The chants of “FODEN, FODEN!” rang out across the Salt Lake Stadium as England’s midfield dynamo ran the length of the pitch to score his second and England’s fifth; the proverbial icing-on-the-cake.
To describe the scenes that followed as unseen before would be underwhelming; 66,000-plus had come to watch a World Cup final, cagey and controlled in nature. The seven-goal thriller that followed was a whirlwind of fast-paced furious action with hardly any breathing space for the ones that dared to look away, even for a second.
Kolkata had provided the perfect riposte to the nay-sayers of football viewership in the country; that a good game couldn’t excite without the big names. Sure, English Premier League fans may familiarise themselves with the likes of Phil Foden and Callum Hudson-Odoi in the years to come but in the moment, these were 17-year-olds hell-bent on winning their first World Cup.
Electric might be one way to sell the final as England and Spain contributed to the spectacle, throwing any script that may have existed out the window. Both sides refused to pull their punches and went hell for leather once Enrique Caceres blew his whistle.
The ‘Bhadralok’ (gentlemen in Bengali) were certainly confused about their loyalties once Brazil bowed out of the competition. Should they support Spain, who were known for their glitzy passing football or would they opt for England, who had played six of their seven matches at the venue and had produced magical performances including dumping the Selecao out of the tournament.
At the end, every one of the local teens would have gladly body-swapped with Foden as good football won out in the end over any pre-empted favouritism. Towards the end, a few of the Spanish players seemed to have lost their heads as coach Santiago Denia appealed for calm.
At 17, after having led 2-0, did anybody expect the 5-2 loss to be any less than a bitter body blow? The English team did themselves proud once more though as they gave their Spanish counterparts a guard of honour at the presentation ceremony. Do remember that this was a match-up between two bitter rivals with Spain needing a last-gasp equaliser at the Euros to win the tournament on penalties.
Yet, it could have been all so different with La Rojita storming into a 2-0 lead courtesy of a Sergio Gomez double. England’s assured defence with captain Joel Latibeaudiere at the heart of it hadn’t conceded two goals in a single match all tournament. Here, they did so within the space of 30 minutes.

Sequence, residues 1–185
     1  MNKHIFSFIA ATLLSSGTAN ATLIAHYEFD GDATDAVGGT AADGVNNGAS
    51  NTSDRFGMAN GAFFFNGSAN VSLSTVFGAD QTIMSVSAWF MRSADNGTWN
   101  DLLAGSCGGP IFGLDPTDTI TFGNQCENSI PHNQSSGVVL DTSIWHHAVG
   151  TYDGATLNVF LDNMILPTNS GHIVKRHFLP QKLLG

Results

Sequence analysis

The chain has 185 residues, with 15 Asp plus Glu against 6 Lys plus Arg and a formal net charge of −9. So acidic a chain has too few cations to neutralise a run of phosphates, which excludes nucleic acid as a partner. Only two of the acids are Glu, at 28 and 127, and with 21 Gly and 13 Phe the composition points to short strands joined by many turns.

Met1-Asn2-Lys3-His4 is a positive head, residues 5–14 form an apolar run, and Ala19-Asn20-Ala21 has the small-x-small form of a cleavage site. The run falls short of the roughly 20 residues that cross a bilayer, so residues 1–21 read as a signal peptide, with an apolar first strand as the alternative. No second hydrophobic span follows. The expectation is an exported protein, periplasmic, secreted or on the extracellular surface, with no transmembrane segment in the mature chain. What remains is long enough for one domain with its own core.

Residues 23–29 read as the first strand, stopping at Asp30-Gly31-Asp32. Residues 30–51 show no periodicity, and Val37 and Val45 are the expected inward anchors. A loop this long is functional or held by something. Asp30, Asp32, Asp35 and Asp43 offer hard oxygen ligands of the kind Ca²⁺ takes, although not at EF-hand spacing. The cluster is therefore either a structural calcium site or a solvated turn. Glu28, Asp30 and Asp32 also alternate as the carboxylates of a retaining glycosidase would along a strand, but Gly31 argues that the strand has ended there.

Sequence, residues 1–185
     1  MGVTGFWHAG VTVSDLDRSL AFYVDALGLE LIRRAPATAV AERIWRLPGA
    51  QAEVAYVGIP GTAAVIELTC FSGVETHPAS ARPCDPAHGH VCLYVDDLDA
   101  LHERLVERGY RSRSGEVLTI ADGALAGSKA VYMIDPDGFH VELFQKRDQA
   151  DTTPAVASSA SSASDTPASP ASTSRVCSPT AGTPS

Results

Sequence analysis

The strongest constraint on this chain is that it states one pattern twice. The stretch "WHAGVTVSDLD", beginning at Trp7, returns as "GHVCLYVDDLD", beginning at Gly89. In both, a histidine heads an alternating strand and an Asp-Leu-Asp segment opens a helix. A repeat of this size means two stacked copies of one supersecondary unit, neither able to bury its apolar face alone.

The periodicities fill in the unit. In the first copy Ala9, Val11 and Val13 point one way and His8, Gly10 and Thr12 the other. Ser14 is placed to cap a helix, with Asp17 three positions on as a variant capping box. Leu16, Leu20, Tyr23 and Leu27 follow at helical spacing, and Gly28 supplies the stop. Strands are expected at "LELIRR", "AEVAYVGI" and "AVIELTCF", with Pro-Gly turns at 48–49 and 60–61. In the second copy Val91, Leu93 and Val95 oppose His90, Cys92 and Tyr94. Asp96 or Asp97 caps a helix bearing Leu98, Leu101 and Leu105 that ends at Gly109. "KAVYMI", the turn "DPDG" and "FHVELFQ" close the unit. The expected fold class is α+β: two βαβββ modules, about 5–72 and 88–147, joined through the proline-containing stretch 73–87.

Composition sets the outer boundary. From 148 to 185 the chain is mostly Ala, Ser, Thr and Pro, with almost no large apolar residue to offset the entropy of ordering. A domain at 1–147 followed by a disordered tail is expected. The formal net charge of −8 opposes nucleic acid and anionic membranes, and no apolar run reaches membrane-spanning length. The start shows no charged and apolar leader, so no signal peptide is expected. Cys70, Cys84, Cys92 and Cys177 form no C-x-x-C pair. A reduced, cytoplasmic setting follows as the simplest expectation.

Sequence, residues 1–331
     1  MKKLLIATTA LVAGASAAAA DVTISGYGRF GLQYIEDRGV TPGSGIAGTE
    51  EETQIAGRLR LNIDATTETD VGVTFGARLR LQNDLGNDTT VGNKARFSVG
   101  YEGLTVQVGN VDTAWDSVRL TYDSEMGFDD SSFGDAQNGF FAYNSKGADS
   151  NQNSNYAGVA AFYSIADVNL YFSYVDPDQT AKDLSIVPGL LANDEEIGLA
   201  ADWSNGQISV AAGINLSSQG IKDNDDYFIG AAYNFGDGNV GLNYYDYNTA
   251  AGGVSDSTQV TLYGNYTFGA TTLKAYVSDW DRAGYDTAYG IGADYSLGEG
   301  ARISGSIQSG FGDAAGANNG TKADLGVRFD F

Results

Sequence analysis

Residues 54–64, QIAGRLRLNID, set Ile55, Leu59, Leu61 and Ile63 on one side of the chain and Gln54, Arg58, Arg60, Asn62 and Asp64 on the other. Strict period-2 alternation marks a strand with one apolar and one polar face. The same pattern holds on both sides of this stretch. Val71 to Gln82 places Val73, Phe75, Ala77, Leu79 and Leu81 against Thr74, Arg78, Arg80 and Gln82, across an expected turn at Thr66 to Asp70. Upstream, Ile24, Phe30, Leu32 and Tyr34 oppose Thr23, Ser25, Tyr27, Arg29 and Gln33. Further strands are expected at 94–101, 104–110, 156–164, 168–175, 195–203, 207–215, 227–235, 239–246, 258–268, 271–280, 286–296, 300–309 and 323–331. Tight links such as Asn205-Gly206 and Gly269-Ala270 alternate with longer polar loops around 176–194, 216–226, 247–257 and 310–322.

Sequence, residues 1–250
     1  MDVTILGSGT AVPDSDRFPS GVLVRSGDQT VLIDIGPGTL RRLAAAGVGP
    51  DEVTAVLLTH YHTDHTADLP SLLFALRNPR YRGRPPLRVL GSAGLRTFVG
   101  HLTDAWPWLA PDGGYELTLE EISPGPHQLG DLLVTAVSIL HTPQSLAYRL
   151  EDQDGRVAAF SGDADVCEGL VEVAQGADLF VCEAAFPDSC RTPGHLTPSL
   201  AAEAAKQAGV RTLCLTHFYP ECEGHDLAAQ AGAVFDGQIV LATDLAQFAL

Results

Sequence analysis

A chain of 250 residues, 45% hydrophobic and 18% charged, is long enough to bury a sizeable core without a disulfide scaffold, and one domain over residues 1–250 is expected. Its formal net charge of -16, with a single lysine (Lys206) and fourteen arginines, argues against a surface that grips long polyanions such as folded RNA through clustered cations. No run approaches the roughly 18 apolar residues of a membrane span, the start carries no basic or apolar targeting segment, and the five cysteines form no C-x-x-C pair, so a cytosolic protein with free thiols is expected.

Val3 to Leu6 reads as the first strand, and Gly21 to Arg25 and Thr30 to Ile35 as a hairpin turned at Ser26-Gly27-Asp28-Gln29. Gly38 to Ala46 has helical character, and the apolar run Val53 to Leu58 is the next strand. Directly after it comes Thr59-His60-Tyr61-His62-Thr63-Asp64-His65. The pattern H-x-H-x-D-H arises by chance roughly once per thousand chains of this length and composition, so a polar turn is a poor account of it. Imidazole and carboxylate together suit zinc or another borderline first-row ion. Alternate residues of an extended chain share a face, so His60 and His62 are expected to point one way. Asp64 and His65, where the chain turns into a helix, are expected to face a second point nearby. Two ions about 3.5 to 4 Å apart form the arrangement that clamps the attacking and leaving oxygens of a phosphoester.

England weren’t going to be denied though, not at this stage, not in the final. Rhian Brewster kick-started the comeback when he headed Steven Sessegnon’s cross in, on the cusp of half-time. Cooper would later admit that the goal made his half-time talk much easier.
What followed in the next 45 was a result of England’s joie de vivre and expressionism combined to devastating effect. Cooper had mentioned that it hadn’t been easy for the 17-year-olds, as they approached day 32 away from home.
Foden, a product of Manchester City Academy, was once again outstanding as he played a hand in three of the four goals after the break, scoring two of them himself. So were Hudson-Odoi on the left flank and the overlapping Sessegnon on the right.
Denia did talk to the press about his tactics after the game, that they had concentrated on attacking down the right and stopping Foden cutting in on the left, with the help of an extra defender if need be. Safe to say that they failed, as the number 7, standing at five feet six, but with the heart of a giant, had torn the Spanish to shreds. The Golden Ball and effusive praise from club gaffer Pep Guardiola followed but the fact that he struck the dagger in the heart of their European rivals on the biggest stage would have pleased Foden.
Yet, the scoreline flattered the English. It was much closer than the 5-2 that flickered on the electronic scoreboard. Denia had said they had been the better team for the first 40 minutes. He was right. In footballing terms, this match had gone 50-40 in favour of the English over the course of the whole 90.
For Spain, it was a bitter blow to digest. Spanish reporters present at the occasion promptly asked Denia what went wrong. You can win the U17 Euros and make the final of the World Cup, but such are the nature of expectations back home that you can hardly catch a break.
At St. George’s Park, the National Football Centre of English FA, it hasn’t been the easiest of times with England often accused of playing boring football at the senior level. Project DNA Blueprint has reaped quick dividends as the U-17 trophy has followed the U20 World Cup and the U19 Euros in one glorious summer.
If this was indeed a glimpse of what new-age English football looks like, cocksure with added swagger but with an identity of their own, the project has reaped immense benefits within three years of its inception.
They are no longer pushovers, you cannot bully them expecting them to crumble at the first hint of pressure. This is England, the class of 2017, a glorious bunch that came to India and out-matched, out-thought and out-played opponents. Their last three scores read 4-1, 3-1 and 5-2. If that does not convince you that footballing greatness has descended upon English shores, perhaps the culmination of the experiment at Qatar 2022 finally will.